Social purpose organizations
Any organization with a mission to advance social, cultural or environmental aims, including:
- Registered charities
- Incorporated non-profit organizations
- Incorporated non-profit co-operatives
- Registered market sector co-operatives
- Registered private social enterprise businesses advancing a social, cultural or environmental mission
- Registered Community Contribution Companies (registered in British Columbia)
- Registered Community Interest Companies (registered in Nova Scotia)
To be eligible for the Investment Readiness Program, social purpose organizations must have registered entity number and a way of, or an intention to, generate income or revenue from the sales of goods and/or services. Organizations that are ineligible for the Investment Readiness Program:
- Social purpose organizations that do not currently generate revenue or do not plan to generate revenue from the sales of either goods or services
- Sole proprietors (a person who is the exclusive owner of an unregistered business, entitled to keep all profits after tax has been paid and is liable for all losses)
- Commercially focused for-profit businesses (non-mission driven, not social enterprises)
A social purpose organization is considered “investment ready” when it is able to obtain and repay an investment from an investor within an agreed upon timeframe. To do so, a social purpose organization must demonstrate a good understanding of investors needs (for things like business plans, financial forecasts and projected impact) and its ability to repay the investment. Investments, for their part, can be received from various sources, including but not limited to financial institutions and intermediaries such as community loan funds, credit unions, Indigenous financial institutions and chartered banks that connect the supply side of the social finance market with the demand side.
The Investment Readiness Program will provide non-repayable capital to social purpose organizations for their social enterprises, enabling them to access various services and supports to support them becoming investment ready. Unlike an investment, non-repayable capital is one-time funding that must not be repaid.
Many variations on the definition of social finance exist. In short, it is an approach to managing money that helps create social or environmental returns in addition to financial returns, contributing to the public good.
Social finance includes investments and loans in infrastructure like social housing, investments in social enterprises, lending to social enterprises, environmental, social and governance investing or investing in socially-responsible and sustainable businesses, microfinance, social impact bonds, social procurement, and community outcomes-based funding.
Any organization or business that uses market-oriented production and the sale of goods and/or services to pursue a public benefit mission (social, cultural or environmental). Their public benefit mission are embedded in their objective/mission, their operating model and organizational culture, which differentiates them from other organizations and corporations. Alongside generating revenues through the sale of goods and services, social enterprises simultaneously intend to create a positive impact and measure results in doing so, all the while earning revenue. Organizations that are ineligible as social enterprises for the purposes of the IRP:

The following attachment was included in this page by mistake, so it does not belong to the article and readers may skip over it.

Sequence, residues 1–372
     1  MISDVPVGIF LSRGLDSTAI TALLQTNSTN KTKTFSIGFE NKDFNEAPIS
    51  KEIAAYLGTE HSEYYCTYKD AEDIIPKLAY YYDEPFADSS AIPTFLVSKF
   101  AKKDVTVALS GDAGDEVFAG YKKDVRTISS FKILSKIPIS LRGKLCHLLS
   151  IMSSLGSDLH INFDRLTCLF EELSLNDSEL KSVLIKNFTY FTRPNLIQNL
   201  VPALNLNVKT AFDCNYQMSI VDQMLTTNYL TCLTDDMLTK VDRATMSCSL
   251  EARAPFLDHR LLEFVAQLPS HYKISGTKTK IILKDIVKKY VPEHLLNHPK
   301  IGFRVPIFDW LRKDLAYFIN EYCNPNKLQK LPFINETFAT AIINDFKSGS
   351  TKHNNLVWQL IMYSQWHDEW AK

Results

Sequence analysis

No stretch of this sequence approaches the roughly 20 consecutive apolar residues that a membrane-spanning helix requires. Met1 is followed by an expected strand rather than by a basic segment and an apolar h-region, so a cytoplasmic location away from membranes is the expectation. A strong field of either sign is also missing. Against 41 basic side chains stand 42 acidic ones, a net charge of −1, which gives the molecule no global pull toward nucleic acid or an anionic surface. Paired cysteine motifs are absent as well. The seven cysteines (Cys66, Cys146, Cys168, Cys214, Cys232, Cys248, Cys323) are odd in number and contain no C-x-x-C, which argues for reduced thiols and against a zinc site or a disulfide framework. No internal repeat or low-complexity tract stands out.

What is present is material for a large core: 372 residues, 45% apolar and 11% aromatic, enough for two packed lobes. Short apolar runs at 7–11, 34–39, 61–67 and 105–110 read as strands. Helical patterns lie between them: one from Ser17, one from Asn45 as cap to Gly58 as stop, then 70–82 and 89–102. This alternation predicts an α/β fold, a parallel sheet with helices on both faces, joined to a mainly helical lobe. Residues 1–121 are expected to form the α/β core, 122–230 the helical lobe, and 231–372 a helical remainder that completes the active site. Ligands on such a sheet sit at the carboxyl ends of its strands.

- A for-profit business that donates to a charity.
- A socially responsible for-profit business.
- Note: A socially responsible business seeks to ensure that it operates in an economically, socially and environmentally sustainable manner. A social enterprise goes over and beyond the focus of operating in a sustainable manner, by seeking to actively contribute to solving a key social, environmental or cultural issues through the use of a business model.
- A for-profit business that sells fair trade products.
- Note: Selling fair trade products in and of itself is not sufficient to be a social enterprise for the purposes of the IRP. The business must go beyond the selling of fair trade products. For example, establishing direct relationships with producers who are suppliers of the product, or employing or supporting a vulnerable or marginalized population in the local community through the business activities of the enterprise.
- A consulting business in the health or education sector that is servicing a mainstream population that is not vulnerable or marginalized.
- Ethical investment businesses that do not serve a vulnerable or marginalized populations.
- Employment and Social Development Canada. “Backgrounder: Investment Readiness Program Funding Recipients.” Canada.ca, Government of Canada News, 21 Aug. 2019, https://www.canada.ca/en/employment-social-development/news/2019/06/backgrounder-investment-readiness-program-funding-recipients.html.
- Oxford English Dictionary. University Press, 1981.
- Adapted from, Employment and Social Development Canada. “Government of Canada.” Canada.ca, Government of Canada, 10 Apr. 2019, https://www.canada.ca/en/employment-social-development/programs/social-innovation-social-finance/consultation-investment-readiness-stream/discussion-guide.html.
- Employment and Social Development Canada. “Government of Canada.” Canada.ca, Government of Canada, 21 July 2015, https://www.canada.ca/en/employment-social-development/programs/social-finance.html.
- 2010 Canadian Task Force on Social Finance, “Mobilizing Private Capital for Public Good” Report , p.32, https://mcconnellfoundation.ca/wp-content/uploads/2017/07/FinalReport_MobilizingPrivateCapitalforPublicGood_30Nov10.pdf
- Adapted from, “What Is Social Enterprise?” BC Centre for Social Enterprise, 26 June 2017, https://www.centreforsocialenterprise.com/what-is-social-enterprise/.